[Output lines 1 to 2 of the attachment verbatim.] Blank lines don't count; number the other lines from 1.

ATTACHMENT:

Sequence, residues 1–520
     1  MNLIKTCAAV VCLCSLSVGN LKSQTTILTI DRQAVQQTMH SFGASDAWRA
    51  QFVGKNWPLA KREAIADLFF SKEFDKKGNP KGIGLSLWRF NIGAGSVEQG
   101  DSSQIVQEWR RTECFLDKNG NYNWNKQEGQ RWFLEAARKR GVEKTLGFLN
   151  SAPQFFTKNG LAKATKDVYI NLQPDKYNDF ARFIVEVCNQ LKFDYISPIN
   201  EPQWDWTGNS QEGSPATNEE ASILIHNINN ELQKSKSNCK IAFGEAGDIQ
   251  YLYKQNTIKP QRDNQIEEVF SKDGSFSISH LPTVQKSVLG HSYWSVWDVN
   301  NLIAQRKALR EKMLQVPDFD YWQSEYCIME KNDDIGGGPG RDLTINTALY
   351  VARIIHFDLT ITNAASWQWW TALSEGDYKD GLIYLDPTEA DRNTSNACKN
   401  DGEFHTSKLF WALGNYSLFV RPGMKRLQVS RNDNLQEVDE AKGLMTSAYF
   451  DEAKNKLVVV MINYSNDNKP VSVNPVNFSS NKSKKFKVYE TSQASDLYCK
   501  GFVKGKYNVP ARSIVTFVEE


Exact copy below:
Sequence, residues 1–520
     1  MNLIKTCAAV VCLCSLSVGN LKSQTTILTI DRQAVQQTMH SFGASDAWRA